Japanese Authorities Launch Fresh Probe into the Operations 12 Local Cryptocurrency Exchanges

Japanese Authorities Launch Fresh Probe into the Operations 12 Local Cryptocurrency Exchanges

The global blockchain-based virtual currency industry has been plagued with countless cases of heists and criminal activities by bad actors in recent times, prompting various financial authorities in different nations to start formulating regulatory guidelines for the nascent industry.
Crypto-friendly Japan also enacted more stringent rules for its vibrant cryptospace. However, in the latest development,  Japan’s Financial Services Agency has sent out business improvement orders to 12 cryptocurrency exchanges in the nation.
According to the regulatory watchdog, several approved and yet-to-be-approved exchanges are not conducting proper Know-Your-Customer (KYC) checks to verify the identities of clients, making the exchanges a possible hotbed for criminals.
The Agency also expressed its displeasure with the way exchanges are handling users funds.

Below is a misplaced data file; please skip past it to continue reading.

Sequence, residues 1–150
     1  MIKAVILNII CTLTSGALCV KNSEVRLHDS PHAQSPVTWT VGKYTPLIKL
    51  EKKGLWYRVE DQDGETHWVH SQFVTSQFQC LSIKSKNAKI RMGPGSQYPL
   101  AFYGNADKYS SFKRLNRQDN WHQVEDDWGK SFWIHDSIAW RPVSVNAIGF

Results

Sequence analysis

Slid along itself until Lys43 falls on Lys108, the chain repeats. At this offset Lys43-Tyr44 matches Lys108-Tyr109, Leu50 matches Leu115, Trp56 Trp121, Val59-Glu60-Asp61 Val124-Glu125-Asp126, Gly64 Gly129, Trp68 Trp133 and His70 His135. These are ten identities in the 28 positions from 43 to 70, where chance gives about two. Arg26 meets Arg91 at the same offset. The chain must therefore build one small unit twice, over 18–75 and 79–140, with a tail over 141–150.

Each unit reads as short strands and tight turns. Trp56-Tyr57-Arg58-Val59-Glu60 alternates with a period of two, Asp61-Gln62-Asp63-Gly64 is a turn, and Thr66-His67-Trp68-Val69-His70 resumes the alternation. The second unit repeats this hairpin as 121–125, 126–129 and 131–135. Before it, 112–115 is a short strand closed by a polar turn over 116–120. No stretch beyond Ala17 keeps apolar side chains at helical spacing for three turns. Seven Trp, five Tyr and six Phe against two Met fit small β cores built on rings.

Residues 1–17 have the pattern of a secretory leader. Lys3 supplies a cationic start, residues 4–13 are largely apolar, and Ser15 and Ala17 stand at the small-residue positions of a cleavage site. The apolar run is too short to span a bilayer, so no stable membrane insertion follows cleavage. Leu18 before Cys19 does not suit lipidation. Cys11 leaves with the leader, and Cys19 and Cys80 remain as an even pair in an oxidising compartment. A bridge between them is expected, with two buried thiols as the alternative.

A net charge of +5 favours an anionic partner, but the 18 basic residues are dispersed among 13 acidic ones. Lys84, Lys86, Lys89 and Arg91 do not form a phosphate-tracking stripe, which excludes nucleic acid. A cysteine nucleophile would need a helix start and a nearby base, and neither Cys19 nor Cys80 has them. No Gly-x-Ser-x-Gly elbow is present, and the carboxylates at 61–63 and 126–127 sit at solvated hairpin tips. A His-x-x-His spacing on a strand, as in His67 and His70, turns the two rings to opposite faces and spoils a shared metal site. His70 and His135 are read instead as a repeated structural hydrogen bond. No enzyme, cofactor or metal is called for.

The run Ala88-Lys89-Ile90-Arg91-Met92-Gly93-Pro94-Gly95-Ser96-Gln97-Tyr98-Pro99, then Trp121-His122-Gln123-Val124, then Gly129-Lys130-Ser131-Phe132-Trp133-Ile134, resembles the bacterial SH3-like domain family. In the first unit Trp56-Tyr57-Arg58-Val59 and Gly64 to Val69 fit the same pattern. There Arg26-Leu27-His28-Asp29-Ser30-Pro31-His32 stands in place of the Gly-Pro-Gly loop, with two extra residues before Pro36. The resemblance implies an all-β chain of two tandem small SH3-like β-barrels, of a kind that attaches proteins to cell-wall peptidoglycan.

Of a truth, quite many crypto exchanges and digital currency-related businesses have experienced security breaches that gifted hackers colossal amount of cryptos, Japan has however experienced the worst cases of heists in the history of the crypto industry.
In what has been dubbed the biggest theft in history (more significant than the MtGox heist), on January 26, Japan’s Coincheck crypto exchange was hacked. The perpetrators of the ugly act succeeded in carting away with 526 million units of the NEM (XEM) altcoin, which was worth roughly $534 million at the time.
Another worrisome event happened in February when a technical glitch in Japan’s Zaif exchange nearly gave customers $20 trillion worth of cryptos. The 20-minutes technical error made it possible for several customers to buy bitcoin for free. However, the exchange quickly salvaged the situation by voiding all transactions that happened during the downtime.
These adverse scenarios made the FSA mandate all exchanges in the nation to compulsorily upgrade the security of their systems, take precautions against suspicious transactions and promptly report any suspicious activity.
Also, all crypto exchanges in the nation agreed to launch a self-regulatory body that would be headed by Japan Blockchain Association and the Japan Cryptocurrency Business Association.
Despite the above guidelines, the FSA has found loopholes in the operations of 2 approved exchanges and ten exchanges that are awaiting approval.
The FSA has hinted it would publish the report about the matter later in June and would come up with more robust rules that exchanges need to adhere to for customer protection.

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